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Confronting the brutal reality: how to teach the legacy of transatlantic slavery

The British curriculum sanitises the history of slavery by isolating it as an aberration of evil. Slavery built the west. Acknowledging that is the first step to undoing its damage.

Slavery memorial. Murky1/Flickr. (CC 2.0 by-nc-nd)

In response to a 2013 article in The Guardian on the narrowness of the British history curriculum, Elizabeth Truss, then the parliamentary under-secretary of state at the department for education, trumpeted the inclusion of “explicit references to ‘the slave trade and the abolition of slavery’, William Wilberforce and Olaudah Equiano”. Her response demonstrates the problematic way that transatlantic slavery is both remembered and taught in Britain. The (optional, rather than required) teaching on transatlantic slavery freezes its horrors as a past phenomenon of more barbarous times. In doing so, it provides a framing that allows white liberals to fondly reminisce about Britain’s heroes of abolition. The same logic is at work when ‘modern day’ slavery is described as the legacy of the African holocaust. Instead of addressing the actual legacy of the system of slavery – the continued oppression and structural disadvantagement of black populations in the west and the disconnection caused between the diaspora and African continent – this framing permits white liberals to embrace the abolitionist spirit of the past. It allows them to fight the good fight against ‘human trafficking’, perpetrated by those supposedly (and conveniently) coming from the developing, less enlightened world. While this is surely more comfortable for white students, it misses out on several key aspects that must be included if the importance of transatlantic slavery is to be taught effectively.

Legal system of oppression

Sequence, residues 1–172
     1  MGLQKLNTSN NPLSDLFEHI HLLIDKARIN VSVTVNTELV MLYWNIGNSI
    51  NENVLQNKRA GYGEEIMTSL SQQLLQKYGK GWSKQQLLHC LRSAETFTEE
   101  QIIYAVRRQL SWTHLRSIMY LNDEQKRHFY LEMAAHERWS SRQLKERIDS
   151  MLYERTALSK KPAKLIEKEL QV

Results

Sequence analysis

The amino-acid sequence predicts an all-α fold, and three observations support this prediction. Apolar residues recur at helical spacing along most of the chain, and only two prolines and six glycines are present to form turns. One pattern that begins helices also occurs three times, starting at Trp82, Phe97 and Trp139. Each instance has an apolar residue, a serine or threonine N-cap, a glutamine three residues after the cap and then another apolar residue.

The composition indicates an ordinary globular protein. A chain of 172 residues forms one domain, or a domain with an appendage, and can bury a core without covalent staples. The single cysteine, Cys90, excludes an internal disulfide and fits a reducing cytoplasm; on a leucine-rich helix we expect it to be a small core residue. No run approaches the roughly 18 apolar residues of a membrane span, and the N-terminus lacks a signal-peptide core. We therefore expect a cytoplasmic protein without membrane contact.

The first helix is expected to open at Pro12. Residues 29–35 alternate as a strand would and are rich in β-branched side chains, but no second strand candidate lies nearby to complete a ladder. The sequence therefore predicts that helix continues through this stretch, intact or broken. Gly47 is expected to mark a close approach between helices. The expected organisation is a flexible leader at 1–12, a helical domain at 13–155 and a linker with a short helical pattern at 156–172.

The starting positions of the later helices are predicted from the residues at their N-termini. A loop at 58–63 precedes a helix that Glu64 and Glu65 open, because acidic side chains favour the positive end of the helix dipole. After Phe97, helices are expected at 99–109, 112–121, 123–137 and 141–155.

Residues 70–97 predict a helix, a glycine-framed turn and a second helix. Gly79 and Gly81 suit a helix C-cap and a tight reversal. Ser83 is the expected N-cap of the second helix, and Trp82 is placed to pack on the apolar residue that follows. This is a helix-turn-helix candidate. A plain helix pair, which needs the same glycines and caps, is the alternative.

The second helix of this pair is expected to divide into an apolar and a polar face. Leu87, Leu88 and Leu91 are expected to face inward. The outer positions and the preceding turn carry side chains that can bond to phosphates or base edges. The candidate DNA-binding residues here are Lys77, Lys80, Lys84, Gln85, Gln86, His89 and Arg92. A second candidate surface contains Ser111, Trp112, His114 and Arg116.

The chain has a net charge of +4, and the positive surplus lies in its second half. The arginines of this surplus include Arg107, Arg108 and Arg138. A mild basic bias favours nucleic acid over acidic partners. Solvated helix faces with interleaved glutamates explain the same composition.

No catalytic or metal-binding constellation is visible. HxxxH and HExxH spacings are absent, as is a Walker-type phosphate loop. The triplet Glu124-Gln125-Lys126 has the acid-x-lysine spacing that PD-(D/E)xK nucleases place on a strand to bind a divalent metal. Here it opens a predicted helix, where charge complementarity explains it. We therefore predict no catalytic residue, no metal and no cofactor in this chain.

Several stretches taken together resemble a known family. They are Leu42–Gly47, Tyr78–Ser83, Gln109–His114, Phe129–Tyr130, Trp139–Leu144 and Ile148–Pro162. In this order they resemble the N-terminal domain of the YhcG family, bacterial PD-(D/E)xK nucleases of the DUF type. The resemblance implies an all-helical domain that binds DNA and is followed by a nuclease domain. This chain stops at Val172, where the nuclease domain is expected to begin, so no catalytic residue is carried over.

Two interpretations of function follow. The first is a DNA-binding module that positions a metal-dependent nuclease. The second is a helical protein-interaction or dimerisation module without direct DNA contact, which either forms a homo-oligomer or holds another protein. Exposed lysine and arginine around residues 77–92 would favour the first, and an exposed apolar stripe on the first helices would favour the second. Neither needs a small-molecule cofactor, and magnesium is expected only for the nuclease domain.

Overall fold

The system of slavery lasted for over 300 years (approximately 1503 to 1888) and was embedded into the fabric of western society. Trading in African flesh was not controversial for most of those three centuries. The wealth generated from the trade funded the development of industry and whole cities such as Bristol and Liverpool. As research by academics at UCL demonstrates, a broad cross section of society owned enslaved Africans. Many of today’s major financial institutions also have roots in the trade. Lloyds of London, for example, proclaims that its history is in ‘marine insurance’, but this is code for ‘insuring slave ships’. Upon abolition slave owners generally received compensation and were not charged for their crimes. Even the deliberate drowning of 132 Africans on the Zong slave ship, done to ensure the white crew’s stock of potable water, was not met with punishment. In teaching transatlantic slavery, it essential for students to understand how embedded it was in the legal framework of the time.

Genocidal brutality

African holocaust is the appropriate term for the systematic enslavement, terror, and slaughter at the heart of slavery. There is no agreed upon figure for how many people died in the system, however Patrick Manning estimated in 1998 that four million people were killed by the process of taking people from Africa and another 1.5 million died while on the slave ships. This gives us a conservative estimate of 5.5 million deaths, one which doesn’t even begin to include the number of Africans who were killed during their enslavement in the Americas (some 10.5 million survived the journey, according to Manning). Considering that C.L.R. James argues in Black Jacobins that the Haitian revolution came about in part because it was common practice to work the enslaved to death, the toll could easily stretch past ten million. And yet, particularly in Britain, the brutality is sanitised in the course of remembering and teaching transatlantic slavery.